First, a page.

Lurilla passed away - later the same year as her brother Volney - at the age of 21. According to her obituary, she succumbed to consumption (likely tuberculosis). Tuberculosis is a highly contagious disease.

Did Volney suffer from tuberculosis? Given the contagious nature of the disease and the timing of the two siblings' deaths and likely proximity to each other, it seems quite possible that he also succumbed to the affliction.

Whatever the cause of his death, Volney is now remembered and not lost to history.

Fellow genealogy blogger Janice Webster Brown found mention of Volney Finch's passing in the Stockton Review and Rooks County Record.

Stockton Review, Stockton, Kansas, June 3, 1904

This blurb sheds more light on the nature of Volney's affliction with the note that he was receiving "medical treatment for stomach trouble." There's no mention of lungs or respiratory issues, which I would expect if he was suffering TB. Does this suggest he suffered from an altogether different affliction? It would seem so.

Many thanks to Janice for her kind help in telling Volney's story. 


  1. Great post. And interesting research results.

    1. Thank you, Nancy. I appreciate the kind words.

  2. I like the way you too a scrap of information and turned it into a whole story. I think you've made a good guess. He even looks consumptive in that photo.

    1. Even though he's not my blood kin, I've had a fondness for him, this photograph, and his sad story since I first saw the image. Volney's story is the story of disease in America and how folks succumbed before the discovery of antibiotics to now treatable ailments.

  3. TB was so prevalent then and so deadly that I bet you are right. I've found so many deaths of young people caused by TB. It always makes me grateful for modern medicine. Great post!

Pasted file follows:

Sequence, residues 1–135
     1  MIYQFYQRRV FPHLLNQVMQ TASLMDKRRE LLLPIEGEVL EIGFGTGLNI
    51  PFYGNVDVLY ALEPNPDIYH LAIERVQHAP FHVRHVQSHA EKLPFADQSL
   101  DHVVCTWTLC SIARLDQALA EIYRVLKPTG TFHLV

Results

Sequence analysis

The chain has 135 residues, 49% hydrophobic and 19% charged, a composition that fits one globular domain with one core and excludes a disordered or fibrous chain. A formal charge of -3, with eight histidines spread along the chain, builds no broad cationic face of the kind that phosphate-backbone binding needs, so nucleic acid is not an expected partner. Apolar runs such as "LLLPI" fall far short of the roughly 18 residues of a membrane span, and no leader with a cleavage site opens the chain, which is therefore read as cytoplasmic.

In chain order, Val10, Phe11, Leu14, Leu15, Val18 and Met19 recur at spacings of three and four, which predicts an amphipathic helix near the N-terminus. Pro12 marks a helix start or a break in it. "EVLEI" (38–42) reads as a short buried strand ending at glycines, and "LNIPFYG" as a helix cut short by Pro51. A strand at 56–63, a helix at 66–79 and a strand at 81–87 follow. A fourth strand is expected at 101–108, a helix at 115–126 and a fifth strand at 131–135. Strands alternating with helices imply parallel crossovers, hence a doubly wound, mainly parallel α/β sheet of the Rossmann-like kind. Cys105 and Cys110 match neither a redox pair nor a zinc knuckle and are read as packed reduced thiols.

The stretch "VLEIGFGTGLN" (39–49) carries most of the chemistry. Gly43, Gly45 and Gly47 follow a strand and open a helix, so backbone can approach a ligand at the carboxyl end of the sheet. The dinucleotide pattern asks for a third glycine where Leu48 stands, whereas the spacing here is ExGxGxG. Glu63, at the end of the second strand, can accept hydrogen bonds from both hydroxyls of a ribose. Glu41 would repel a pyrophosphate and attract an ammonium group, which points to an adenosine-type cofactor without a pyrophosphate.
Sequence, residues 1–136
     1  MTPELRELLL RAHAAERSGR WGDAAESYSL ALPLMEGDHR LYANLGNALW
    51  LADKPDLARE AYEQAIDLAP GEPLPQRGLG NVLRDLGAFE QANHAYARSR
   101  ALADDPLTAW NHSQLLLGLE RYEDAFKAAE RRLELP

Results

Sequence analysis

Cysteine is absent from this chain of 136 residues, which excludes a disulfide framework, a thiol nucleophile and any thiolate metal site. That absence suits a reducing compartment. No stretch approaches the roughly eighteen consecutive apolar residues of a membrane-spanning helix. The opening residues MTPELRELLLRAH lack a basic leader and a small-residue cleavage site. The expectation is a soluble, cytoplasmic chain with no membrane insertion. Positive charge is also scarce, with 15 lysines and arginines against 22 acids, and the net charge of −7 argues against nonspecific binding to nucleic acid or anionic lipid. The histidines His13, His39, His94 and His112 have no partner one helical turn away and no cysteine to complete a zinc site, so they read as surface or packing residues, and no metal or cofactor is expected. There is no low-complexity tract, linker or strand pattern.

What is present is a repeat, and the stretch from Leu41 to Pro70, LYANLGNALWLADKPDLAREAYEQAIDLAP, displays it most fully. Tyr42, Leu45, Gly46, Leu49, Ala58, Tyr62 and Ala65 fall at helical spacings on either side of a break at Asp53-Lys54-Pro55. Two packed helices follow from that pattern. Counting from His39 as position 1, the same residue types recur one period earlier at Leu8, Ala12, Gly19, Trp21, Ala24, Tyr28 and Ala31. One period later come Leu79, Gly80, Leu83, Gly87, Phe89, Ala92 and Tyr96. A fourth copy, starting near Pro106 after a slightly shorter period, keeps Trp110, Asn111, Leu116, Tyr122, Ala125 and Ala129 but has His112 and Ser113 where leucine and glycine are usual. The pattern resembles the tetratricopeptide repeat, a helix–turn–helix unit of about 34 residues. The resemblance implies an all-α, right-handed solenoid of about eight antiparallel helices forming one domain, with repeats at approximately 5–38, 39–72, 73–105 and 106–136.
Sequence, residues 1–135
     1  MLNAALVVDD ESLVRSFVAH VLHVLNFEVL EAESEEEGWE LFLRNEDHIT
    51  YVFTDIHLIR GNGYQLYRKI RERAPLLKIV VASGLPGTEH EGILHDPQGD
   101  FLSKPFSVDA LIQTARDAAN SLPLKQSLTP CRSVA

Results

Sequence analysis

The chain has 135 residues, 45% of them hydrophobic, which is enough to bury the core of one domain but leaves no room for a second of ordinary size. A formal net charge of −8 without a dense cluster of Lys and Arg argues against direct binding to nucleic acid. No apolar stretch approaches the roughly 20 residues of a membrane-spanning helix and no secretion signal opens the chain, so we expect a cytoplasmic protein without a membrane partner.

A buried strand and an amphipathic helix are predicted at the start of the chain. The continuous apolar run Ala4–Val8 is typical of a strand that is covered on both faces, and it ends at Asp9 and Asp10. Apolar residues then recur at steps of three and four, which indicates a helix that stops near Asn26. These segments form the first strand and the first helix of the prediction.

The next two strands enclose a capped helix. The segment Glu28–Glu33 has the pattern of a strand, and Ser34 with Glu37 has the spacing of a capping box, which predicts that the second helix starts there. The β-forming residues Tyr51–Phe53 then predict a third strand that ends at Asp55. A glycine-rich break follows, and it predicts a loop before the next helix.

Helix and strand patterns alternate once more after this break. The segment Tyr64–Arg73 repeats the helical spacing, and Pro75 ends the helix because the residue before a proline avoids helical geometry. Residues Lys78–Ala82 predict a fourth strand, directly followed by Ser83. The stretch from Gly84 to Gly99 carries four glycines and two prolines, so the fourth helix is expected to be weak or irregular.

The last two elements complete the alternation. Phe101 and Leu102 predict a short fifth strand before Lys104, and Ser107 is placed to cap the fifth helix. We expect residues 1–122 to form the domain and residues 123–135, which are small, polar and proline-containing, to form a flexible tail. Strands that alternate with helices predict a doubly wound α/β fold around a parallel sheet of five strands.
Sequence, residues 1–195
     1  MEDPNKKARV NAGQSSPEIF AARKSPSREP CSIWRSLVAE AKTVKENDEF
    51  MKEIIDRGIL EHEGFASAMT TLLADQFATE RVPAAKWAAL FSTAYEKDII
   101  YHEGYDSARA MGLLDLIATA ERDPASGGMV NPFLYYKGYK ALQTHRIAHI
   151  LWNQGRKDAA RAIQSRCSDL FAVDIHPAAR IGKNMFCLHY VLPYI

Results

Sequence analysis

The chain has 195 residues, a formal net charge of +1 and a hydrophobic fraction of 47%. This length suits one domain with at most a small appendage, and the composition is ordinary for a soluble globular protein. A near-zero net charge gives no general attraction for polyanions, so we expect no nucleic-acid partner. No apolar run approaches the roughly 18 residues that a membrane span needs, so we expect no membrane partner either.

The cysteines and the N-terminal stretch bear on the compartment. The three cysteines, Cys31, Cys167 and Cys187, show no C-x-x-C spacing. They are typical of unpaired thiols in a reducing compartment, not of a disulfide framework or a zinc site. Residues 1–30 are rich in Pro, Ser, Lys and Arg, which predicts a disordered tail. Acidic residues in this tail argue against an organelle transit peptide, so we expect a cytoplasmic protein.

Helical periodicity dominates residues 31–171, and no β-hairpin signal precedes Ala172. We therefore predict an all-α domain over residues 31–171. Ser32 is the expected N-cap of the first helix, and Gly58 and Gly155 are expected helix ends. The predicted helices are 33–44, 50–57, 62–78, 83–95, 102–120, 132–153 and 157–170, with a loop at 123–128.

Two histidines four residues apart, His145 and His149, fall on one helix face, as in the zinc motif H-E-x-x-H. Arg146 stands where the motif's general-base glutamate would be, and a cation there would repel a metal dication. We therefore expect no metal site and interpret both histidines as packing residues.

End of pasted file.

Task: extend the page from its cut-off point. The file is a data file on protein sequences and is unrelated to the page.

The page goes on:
1. Certainly our ancestors - if they didn't marry and share deep love - at least had hearty genes and constitutions to survive the many ailments that had no treatment.

  4. I enjoyed your story. It sounds very plausible to me. There is something about a picture of someone who looks so young and healthy and how it contrasts to what actually was going on in his life. You can never judge a book by its cover.

    I had the same thing happen with a photo of a great great uncle. He looked so handsome and happy (as happy as you can look in an old photo where nobody smiles!). Then I found out some really tragic information about him. I had to write a story about him. I call it the Sad Story. How appropriate. If you are interested, check it out -->

    1. You never can judge a book by a cover, or if you do you risk getting it royally wrong. Thank you for sharing, Joe's story. I appreciate it.

  5. That's the whole point...We Speak their Names and keep their Memories and Lives, Alive. Sweet Post.

    1. That is the genealogist's manifesto! We should cross stitch that and put it on a pillow. :)

  6. Wonderful piece, I always enjoy reading your post. Thank you!

    1. Thank you, Joyceann. I appreciate that, and I'm very glad to have you along for the ride.